Yesterday government announced that 10 new “Eco-Towns” are to be built in England, and gave a short list of 15 from which the eventual 10 will be selected.
Maybe this sounds like good news, if you do not delve too deeply. These new towns are supposed to consist of carbon neutral developments, locations to act as exemplars of sustainable, environmentally friendly technology. Low impact, affordable, green homes – assuming you have to build new houses somewhere, what could be wrong with that?
Well, several things actually….
First – we have been talking for decades about the need to produce high quality, environmentally friendly homes that have a low ecological impact. Now, eventually and very late in the day, government reckons we should be building some, and it is in these Eco-Towns that they will be built. The first question therefore is why on earth should this approach be limited to so-called Eco-Towns? There is an accepted need that development should move ahead in a modern way. Climate change is upon us, long term development will only be possible if it delivers the needed energy efficiency changes. Hyper-efficient, carbon-neutral homes must be the norm, not the exception. Government has plans for 3 million homes in England. Assuming about 10,000 homes in each of the 10 Eco-Towns, this is only 100,000 homes built to a decent modern standard. What about the other 2,900,000?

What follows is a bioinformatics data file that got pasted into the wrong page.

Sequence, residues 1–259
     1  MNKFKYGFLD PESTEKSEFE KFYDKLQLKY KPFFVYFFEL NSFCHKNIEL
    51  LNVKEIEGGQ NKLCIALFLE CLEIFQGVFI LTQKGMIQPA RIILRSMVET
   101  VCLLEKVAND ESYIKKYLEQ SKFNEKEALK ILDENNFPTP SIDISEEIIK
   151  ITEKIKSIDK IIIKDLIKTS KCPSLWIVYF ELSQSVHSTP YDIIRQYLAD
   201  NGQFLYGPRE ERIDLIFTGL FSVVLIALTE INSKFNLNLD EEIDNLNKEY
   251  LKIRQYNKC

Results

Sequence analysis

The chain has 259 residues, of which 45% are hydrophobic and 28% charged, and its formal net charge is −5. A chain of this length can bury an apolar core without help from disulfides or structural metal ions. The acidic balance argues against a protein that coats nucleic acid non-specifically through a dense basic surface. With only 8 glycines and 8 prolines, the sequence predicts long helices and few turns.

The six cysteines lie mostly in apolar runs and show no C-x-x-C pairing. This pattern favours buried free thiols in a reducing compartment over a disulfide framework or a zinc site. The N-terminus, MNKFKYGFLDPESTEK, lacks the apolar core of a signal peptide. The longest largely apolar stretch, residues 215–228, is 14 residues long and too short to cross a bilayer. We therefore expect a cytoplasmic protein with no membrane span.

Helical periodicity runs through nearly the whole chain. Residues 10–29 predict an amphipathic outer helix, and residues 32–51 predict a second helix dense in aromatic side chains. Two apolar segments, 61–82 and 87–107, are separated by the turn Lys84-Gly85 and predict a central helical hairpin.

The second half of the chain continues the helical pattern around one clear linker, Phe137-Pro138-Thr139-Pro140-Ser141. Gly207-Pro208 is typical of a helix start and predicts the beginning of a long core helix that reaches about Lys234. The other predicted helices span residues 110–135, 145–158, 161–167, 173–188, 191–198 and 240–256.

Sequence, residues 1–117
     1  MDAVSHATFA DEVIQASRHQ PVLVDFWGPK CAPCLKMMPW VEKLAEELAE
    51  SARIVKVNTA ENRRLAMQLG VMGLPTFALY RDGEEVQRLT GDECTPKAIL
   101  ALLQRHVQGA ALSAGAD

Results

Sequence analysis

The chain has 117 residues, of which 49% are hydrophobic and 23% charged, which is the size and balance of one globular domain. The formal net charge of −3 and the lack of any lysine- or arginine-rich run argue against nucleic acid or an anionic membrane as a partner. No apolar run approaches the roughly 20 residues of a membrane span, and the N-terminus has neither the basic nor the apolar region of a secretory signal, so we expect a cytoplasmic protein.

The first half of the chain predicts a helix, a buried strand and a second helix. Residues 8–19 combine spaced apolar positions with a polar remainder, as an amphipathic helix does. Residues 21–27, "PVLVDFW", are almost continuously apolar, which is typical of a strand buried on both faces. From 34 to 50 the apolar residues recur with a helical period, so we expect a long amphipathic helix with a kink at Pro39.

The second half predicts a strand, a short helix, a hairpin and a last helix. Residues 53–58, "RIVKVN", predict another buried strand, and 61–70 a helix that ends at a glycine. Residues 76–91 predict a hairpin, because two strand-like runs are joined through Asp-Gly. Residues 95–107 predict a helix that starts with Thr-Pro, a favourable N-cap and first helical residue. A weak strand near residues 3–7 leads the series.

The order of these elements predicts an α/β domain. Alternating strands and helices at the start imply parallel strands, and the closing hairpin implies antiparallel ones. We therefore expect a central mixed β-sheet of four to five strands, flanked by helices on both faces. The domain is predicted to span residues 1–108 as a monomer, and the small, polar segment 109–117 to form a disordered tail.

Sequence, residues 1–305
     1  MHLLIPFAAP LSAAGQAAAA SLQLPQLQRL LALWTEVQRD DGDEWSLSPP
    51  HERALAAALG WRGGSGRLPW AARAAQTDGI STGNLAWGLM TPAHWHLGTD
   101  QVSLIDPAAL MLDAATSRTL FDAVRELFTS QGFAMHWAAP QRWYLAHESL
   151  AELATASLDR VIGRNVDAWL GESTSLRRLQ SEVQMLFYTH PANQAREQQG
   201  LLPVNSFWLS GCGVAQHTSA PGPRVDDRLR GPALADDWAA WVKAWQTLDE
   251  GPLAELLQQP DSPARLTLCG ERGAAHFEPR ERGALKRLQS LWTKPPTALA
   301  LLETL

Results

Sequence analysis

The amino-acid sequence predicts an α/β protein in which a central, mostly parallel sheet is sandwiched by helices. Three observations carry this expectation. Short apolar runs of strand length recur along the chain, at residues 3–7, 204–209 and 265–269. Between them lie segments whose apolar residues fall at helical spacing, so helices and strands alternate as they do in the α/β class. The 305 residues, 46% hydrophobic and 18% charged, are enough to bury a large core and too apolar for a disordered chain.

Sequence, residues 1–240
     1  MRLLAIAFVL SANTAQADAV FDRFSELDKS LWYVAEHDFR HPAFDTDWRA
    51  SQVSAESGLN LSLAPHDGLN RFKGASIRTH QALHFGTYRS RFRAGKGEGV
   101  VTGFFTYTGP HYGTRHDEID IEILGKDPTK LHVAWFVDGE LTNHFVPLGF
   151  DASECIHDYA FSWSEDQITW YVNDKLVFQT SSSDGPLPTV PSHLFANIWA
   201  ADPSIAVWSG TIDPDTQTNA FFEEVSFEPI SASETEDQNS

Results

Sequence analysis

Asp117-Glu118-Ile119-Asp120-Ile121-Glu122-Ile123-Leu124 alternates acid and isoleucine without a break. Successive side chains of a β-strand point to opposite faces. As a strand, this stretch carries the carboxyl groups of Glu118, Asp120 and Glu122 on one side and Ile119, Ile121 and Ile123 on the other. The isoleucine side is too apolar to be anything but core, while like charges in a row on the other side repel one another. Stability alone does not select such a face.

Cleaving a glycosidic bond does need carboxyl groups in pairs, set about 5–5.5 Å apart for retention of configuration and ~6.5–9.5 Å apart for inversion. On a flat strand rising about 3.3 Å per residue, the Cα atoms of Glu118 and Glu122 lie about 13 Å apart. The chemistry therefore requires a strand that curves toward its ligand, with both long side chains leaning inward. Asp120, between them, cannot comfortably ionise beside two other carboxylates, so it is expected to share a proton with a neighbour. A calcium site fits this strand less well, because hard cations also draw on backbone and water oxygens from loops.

House-builders and developers could not possibly complain about this. The writing on the wall could not be any larger – a universal, high quality approach is needed now, not at some indeterminate time in the future, or only limited to a few special places. And, of course, it would set a level playing field for all development, so no house builder would be disadvantaged.
The second point is regarding where these developments are going to be placed. The choice of the 15 on the shortlist seems to have come out of nowhere. These are not the result of a strategic assessment of where environmentally sensitive development could be placed for best effect. They are just somebody’s bright idea!
For example, Ford in West Sussex is one of the lucky locations on the shortlist. Who proposed this? Local Authorities, County Councils, local organisations and local communities are all against it so it seems to have parachuted in off someone else’s sketchbook!
The ford proposal could have a devastating effect on the area. Even if the site is developed in an enviornmentally friendly way, this would still bring a huge number of people into the area. The pressure for a very damaging bypass around Arundle would increase, road improvements would be pushed through and large amounts of other "supporting infrastructure" would be required. This all adds up to the urbanisation of the lower sectin of the river Arun valley.
Very complicated discussions have taken place, strategic plans written, controversies fought over and Inquiries held. Out of all of this has come a huge level of proposed development for Sussex (that the Sussex Wildlife Trust has consistently fought against). This is bad enough – but these new Eco-Towns are in addition to the painful levels of development already forced upon us.